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Keywords:

  • pregnancy;
  • thrombophilia;
  • factor V Leiden mutation;
  • prothrombin mutation;
  • thrombosis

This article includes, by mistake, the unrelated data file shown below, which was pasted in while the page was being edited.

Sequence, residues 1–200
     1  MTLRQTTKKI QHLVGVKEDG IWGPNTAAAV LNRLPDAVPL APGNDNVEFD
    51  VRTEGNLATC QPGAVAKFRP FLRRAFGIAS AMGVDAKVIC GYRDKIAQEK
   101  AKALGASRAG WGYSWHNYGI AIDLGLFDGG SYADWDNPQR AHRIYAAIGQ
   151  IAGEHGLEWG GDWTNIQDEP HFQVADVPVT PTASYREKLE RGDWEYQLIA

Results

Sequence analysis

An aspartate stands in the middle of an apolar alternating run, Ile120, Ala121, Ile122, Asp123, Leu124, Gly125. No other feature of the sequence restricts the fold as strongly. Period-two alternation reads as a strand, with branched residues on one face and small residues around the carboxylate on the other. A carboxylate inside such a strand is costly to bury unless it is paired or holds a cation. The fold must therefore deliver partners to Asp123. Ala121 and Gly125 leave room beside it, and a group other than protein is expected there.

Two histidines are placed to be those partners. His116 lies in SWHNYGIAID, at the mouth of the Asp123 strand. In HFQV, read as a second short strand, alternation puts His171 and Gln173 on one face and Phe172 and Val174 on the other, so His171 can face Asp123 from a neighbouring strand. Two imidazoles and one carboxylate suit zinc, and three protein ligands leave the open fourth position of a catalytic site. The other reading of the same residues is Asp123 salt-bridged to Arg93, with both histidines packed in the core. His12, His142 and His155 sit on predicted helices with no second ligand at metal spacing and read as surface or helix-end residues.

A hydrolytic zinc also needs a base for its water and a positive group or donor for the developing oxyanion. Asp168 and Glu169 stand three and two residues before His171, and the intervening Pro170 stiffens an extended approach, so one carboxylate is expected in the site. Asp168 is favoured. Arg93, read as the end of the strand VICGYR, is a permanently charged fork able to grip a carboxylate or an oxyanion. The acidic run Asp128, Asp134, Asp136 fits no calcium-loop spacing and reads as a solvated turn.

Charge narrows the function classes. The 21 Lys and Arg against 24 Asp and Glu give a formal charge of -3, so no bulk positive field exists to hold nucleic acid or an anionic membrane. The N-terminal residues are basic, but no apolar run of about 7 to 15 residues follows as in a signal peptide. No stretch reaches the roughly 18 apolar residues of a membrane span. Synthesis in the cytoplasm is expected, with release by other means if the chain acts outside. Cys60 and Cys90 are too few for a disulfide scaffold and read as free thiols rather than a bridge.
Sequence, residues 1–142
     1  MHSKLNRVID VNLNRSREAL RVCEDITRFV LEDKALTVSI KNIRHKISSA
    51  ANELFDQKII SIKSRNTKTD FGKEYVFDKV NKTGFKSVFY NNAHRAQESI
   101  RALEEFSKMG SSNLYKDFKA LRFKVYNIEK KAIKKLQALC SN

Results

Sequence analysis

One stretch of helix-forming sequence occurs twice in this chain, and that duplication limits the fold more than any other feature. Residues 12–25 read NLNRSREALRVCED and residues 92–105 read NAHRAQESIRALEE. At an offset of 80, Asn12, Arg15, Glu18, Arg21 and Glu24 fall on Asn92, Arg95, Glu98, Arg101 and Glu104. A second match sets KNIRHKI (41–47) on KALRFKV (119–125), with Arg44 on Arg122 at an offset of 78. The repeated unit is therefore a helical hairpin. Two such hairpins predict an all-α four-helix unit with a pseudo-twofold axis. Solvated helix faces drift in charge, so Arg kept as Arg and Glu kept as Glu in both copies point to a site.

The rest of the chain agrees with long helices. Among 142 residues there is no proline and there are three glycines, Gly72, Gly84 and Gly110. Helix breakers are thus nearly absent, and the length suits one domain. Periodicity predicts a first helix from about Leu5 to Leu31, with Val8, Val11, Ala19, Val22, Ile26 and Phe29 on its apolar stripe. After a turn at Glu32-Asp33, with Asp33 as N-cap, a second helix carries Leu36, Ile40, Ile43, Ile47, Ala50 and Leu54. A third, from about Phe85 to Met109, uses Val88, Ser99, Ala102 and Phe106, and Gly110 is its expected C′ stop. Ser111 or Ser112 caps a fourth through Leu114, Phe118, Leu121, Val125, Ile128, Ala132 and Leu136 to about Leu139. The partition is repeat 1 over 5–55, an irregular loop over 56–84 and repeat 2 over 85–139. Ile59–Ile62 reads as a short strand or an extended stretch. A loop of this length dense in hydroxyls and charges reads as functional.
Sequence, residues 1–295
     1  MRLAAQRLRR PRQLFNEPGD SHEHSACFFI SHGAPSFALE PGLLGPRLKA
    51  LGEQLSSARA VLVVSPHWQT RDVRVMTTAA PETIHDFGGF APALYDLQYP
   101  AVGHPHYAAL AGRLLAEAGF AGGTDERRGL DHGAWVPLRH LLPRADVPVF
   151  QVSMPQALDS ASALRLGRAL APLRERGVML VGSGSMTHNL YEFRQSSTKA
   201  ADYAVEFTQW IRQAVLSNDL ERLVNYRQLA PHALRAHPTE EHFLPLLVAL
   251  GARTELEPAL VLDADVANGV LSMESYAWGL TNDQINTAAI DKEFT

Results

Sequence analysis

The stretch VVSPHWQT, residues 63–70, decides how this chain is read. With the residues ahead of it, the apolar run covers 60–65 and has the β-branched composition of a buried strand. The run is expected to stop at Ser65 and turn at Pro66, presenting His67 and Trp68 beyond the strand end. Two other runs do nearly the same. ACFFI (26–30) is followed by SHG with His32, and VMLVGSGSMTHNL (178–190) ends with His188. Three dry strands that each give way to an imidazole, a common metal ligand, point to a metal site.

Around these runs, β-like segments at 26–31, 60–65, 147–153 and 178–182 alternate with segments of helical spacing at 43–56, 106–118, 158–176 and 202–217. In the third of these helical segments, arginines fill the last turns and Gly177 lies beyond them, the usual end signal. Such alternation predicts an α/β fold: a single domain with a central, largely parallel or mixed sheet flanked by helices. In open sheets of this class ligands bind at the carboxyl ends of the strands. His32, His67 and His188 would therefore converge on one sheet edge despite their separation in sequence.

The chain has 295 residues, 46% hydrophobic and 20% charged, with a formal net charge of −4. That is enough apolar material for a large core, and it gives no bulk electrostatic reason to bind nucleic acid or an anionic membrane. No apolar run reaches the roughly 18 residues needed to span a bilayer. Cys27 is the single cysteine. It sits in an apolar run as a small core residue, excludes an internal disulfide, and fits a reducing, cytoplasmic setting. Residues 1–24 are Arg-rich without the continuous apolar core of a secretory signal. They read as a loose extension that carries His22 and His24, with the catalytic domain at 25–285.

Summary. The risk of venous thromboembolism (VTE) in the absence of prophylaxis was evaluated in a retrospective study of 47 women (84 pregnancies) with combined thrombophilia [heterozygous factor V Leiden (FVL) plus prothrombin (FII) 20210A mutation (group I)] and in 82 women (193 pregnancies) with the FII alone (group II). VTE was more frequent in group I than in group II [17·8% versus 6·2%, P = 0·003, relative risk (RR) 2·9, 95% confidence interval (CI) 1·4–5·9], ante partum (7·1% and 2·1%) and post partum (11·5% and 4·2%). The risk was higher in index cases than in family members (RR 2·5, 95% CI 1·2–5·2 and RR 2·1, 95% CI 0·2–22·3 respectively) Even women who had no history of VTE before pregnancy had an increased risk (RR 2·2, 95% CI 1·0–4·8). Our results suggest that, during ante partum, prophylaxis is indicated in women with combined thrombophilia and with a VTE before pregnancy. In those without VTE before pregnancy, prophylaxis might be decided for each individual case, taking into consideration all risk factors. In women with the FII mutation alone, the low risk may not justify prophylaxis in the absence of previous VTE. In post partum, prophylaxis is indicated in all cases.